Archive for February, 2008

Firebird requires MS-DOS compatible file paths

February 28th, 2008

I was contacted by a customer today, who received exceptions when trying to open a Firebird database (using the current version 2.03) on his machine:


Error message: FirebirdSql.Data.FirebirdClient.FbException:
I/O error for file CreateFile (open) “M:[…]Aufträgesome database.fdb”

Error while trying to open file —> FirebirdSql.Data.Common.IscException:
  An exception of type FirebirdSql.Data.Common.IscException was thrown.
    at FirebirdSql.Data.Client.Gds.GdsConnection.ReadStatusVector()
    at FirebirdSql.Data.Client.Gds.GdsConnection.ReadResponse()
    at FirebirdSql.Data.Client.Gds.GdsDatabase.ReadResponse()
    at FirebirdSql.Data.Client.Gds.GdsDatabase.Attach(DatabaseParameterBuffer dpb,
        String dataSource, Int32 port, String database)
    at FirebirdSql.Data.FirebirdClient.FbConnectionInternal.Connect()


The solution was as simple as embarassing: It appears that Firebird doesn’t play nice with national characters (e.g. umlauts) anywhere in a database’s file path. Changing the folder name Aufträge to something ASCII compatible like Orders resolved the issue. Apparently, you should use MS-DOS compatible file paths only when working with Firebird.

Well, after all the next-gen stuff I packed into the app, this should give my customers (at least the ones who really miss their Windows 3.1) that warm, fuzzy vintage feeling the software has been lacking so far. Lucky me 😉

Author: Categories: Database Tags: ,

Programmatically filtering the WPF TreeView

February 12th, 2008

There will be filtering and multi selection support in the next iteration of my WPF TreeView, but based on a request on the Code Project forum, I decided to implement a simple filtering mechanism on the current version.

First of all, you can provide filtering without even touching the control base class by just applying the filter in your implementation of the abstract GetChildItems method. This method would effectively filter all items of the sample tree:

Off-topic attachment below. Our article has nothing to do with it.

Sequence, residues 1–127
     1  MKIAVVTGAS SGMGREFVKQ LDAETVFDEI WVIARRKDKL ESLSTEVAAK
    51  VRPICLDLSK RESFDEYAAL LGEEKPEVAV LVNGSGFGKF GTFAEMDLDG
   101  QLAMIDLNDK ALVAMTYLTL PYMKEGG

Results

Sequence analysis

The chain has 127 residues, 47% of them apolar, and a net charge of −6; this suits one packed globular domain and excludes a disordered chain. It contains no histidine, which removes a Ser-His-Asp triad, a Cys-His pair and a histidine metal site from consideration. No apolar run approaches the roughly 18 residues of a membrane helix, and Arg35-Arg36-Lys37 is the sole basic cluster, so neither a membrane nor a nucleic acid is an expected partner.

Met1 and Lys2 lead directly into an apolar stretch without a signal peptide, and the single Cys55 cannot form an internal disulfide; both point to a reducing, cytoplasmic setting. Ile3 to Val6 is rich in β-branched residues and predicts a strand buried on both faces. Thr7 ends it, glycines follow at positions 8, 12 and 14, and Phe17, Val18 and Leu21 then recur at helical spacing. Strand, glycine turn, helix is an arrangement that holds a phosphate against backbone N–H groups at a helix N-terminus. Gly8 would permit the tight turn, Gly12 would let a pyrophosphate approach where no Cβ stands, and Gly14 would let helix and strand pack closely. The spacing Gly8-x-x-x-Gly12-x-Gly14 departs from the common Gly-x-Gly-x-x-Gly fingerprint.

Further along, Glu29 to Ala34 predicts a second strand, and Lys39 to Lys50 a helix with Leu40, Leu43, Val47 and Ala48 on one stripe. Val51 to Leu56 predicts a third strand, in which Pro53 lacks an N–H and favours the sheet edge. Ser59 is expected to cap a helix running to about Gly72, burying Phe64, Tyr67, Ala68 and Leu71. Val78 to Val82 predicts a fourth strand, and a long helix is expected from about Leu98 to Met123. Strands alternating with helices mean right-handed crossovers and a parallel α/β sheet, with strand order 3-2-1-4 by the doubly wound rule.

//returns subcategories that should be available through the tree
public override ICollection<ShopCategory>
                           GetChildItems(ShopCategory parent)
  //create a filtered list
  List<ShopCategory> list = new List<ShopCategory>();
  foreach(ShopCategory category in parent.SubCategories)
    if ( ... ) list.Add(category);
  return list;

In order to have the tree react to changed filter conditions, calling the tree’s Refresh() method takes care of everything.

This approach is dead simple, and it has the advantage that only items that are supposed to be accessible on the tree are being processed by the control. On the other hand, it also means that you would have to recreate the tree every time the tree’s filter changes.


In order to provide an alternative, I also looked at filtering the tree on the UI level (filtering == just hide the filtered nodes). The following sample sample operates on the tree implementation of the sample application, and provides a property of type Predicate<ShopCategory>. In order to get it working, I needed to do 3 things:

  • Apply the filter for new nodes that are being created
  • Run the filter if a node is being expanded
  • Refresh the tree if the filter is being set


I must say I’m quite satisfied – as the control provides me with virtual methods to intercept everything, the whole thing took about 2 minutes to set up 🙂


private Predicate<ShopCategory> filter = null;

/// <summary>
/// Defines a filter for items that are bound to the tree. Set to
/// null in order to disable filtering.
/// </summary>
public Predicate<ShopCategory> Filter
  get { return filter; }
    filter = value;

    //recreate the tree in order to apply the filter on
    //all currently visible nodes
    //-> of course, this could be optimized, but it does the job

/// <summary>
/// Applies the filter on all child nodes.
/// </summary>
/// <param name="treeNode"></param>
protected override void OnNodeExpanded(TreeViewItem treeNode)
  //make sure child nodes are being created

  //apply filter
  foreach (TreeViewItem childNode in treeNode.Items)
    ApplyFilter(childNode, (ShopCategory)childNode.Header);

/// <summary>
/// Immediately applies the filter on newly created items. This
/// is somewhat redundant (as we're also handling <see cref="OnNodeExpanded"/>),
/// but ensures we also consider root nodes.
/// </summary>
/// <param name="item"></param>
/// <returns></returns>
protected override TreeViewItem CreateTreeViewItem(ShopCategory item)
  //delegate node creation to base class
  TreeViewItem node = base.CreateTreeViewItem(item);

  //apply the filter and return the node
  ApplyFilter(node, item);
  return node;

/// <summary>
/// Filters categories if the <see cref="Filter"/> property
/// is set by simply setting the <see cref="TreeViewItem.Visibility"/>